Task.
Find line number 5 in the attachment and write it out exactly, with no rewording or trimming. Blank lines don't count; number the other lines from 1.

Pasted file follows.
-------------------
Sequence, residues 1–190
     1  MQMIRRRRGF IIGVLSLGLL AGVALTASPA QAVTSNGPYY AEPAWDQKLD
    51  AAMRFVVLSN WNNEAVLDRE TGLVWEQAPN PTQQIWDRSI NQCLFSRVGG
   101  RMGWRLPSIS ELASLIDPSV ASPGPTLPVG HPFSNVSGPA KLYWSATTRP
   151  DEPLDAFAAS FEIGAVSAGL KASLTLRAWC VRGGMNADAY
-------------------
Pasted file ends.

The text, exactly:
   151  DEPLDAFAAS FEIGAVSAGL KASLTLRAWC VRGGMNADAY